Q: Some ethnic and national conflicts exist which the only solution is to establish independent state just like, South Sudan, Kosovo, Bosnia and some others as well. It has been well experienced that independent state solves the problem. We would like to ask you in here; why unless genocide or mass murdering takes place international community doesn’t accept the only solution which is establishing independent state?
A: Unfortunately, the same examples could be used to illustrate the challenges of creating new states. For instance, there are persistent problems in relations between the Albanian majority and the Serb minority in Kosovo. In some cases, creating new states is the best option, but it is never a perfect solution.
Q: Currently there are some problems within Middle East which are the Kurdish question and Palestine problem which are to be resolved by independent states. The international community has decided independent state for Palestine but it doesn’t allow for the Kurdish question. In your view please; don’t you agree that holding this problem unresolved may become a factor for instability in the area?
A: Two conflicts are never the same, so we should be careful with comparisons. For instance, one important aspect of the Kurdish situation is that it concerns Kurdish people in four countries. Moreover, it concerns Kurds who live in areas that are completely dominated by Kurds, as well as Kurds who live in areas with a mixed population. Even if an independent Kurdish state was created in Northern Iraq, it would solve only part of the problem. A Kurdish state in Northern Iraq has to be based on good relations with Ankara, Tehran, Damascus and Baghdad, since it cannot isolate itself but will remain closely integrated with its neighbours. In considering the different ways forward, it is also relevant to learn from the experience of the Sami people, who live in the North of Norway, Sweden, Finland and Russia. After a history of terrible oppression, they now have good institutions and regional collaboration across the four countries.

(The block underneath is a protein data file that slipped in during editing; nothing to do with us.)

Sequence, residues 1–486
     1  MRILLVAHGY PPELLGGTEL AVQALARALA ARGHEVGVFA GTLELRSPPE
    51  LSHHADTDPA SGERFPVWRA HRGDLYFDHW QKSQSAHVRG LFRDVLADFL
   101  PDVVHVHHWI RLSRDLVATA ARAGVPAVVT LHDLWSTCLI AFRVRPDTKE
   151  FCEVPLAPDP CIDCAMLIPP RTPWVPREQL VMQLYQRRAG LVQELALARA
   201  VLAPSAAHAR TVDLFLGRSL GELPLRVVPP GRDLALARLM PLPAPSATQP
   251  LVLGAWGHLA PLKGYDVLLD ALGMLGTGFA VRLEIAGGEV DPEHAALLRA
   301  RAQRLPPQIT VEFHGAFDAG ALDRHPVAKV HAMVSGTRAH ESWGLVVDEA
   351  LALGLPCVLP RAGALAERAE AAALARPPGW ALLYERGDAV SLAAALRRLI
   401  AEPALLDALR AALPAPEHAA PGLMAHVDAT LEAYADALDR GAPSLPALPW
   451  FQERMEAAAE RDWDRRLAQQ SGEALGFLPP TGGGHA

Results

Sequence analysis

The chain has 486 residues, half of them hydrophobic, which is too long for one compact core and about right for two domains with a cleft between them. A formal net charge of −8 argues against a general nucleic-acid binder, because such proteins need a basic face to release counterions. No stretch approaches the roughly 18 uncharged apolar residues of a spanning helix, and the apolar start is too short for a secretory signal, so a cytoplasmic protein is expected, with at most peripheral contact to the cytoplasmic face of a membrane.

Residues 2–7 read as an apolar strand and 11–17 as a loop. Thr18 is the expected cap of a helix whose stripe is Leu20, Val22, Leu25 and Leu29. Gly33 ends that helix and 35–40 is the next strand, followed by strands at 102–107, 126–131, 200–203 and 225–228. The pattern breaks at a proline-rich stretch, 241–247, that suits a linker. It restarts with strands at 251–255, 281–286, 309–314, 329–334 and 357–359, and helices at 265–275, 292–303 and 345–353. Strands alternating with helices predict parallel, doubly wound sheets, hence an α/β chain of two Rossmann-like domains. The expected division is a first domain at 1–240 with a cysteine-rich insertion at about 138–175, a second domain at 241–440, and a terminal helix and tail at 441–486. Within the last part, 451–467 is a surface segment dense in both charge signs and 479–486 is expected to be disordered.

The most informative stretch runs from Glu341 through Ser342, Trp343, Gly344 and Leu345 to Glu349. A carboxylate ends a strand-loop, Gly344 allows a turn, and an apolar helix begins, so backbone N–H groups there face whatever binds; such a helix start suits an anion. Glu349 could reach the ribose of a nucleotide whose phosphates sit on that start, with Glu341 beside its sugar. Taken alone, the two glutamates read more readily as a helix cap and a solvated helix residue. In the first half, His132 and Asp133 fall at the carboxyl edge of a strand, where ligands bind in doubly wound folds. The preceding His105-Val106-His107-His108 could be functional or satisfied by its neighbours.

Q: Federalism is suggested for resolving ethnic and national problems, which cannot succeed without having a ground of democracy and liberalism. For example in a country like Iraq where democracy doesn’t exist, how federalism can resolve the ethnic and national conflicts?
A: I think it is not possible to say in general that federalism is good or bad. Lack of democracy is a fundamental problem regardless of whether a country is federal or not. Even when there is democracy, federalism does not solve any problem once and for all, but needs to be managed well over time. For instance, federalism is problematic in Belgium but works well in Switzerland, both of which are well-established democracies. In the Iraqi case, it is also important to remember that the Kurdish areas, with relative stability and prosperity, could have a lot to offer beyond its own borders.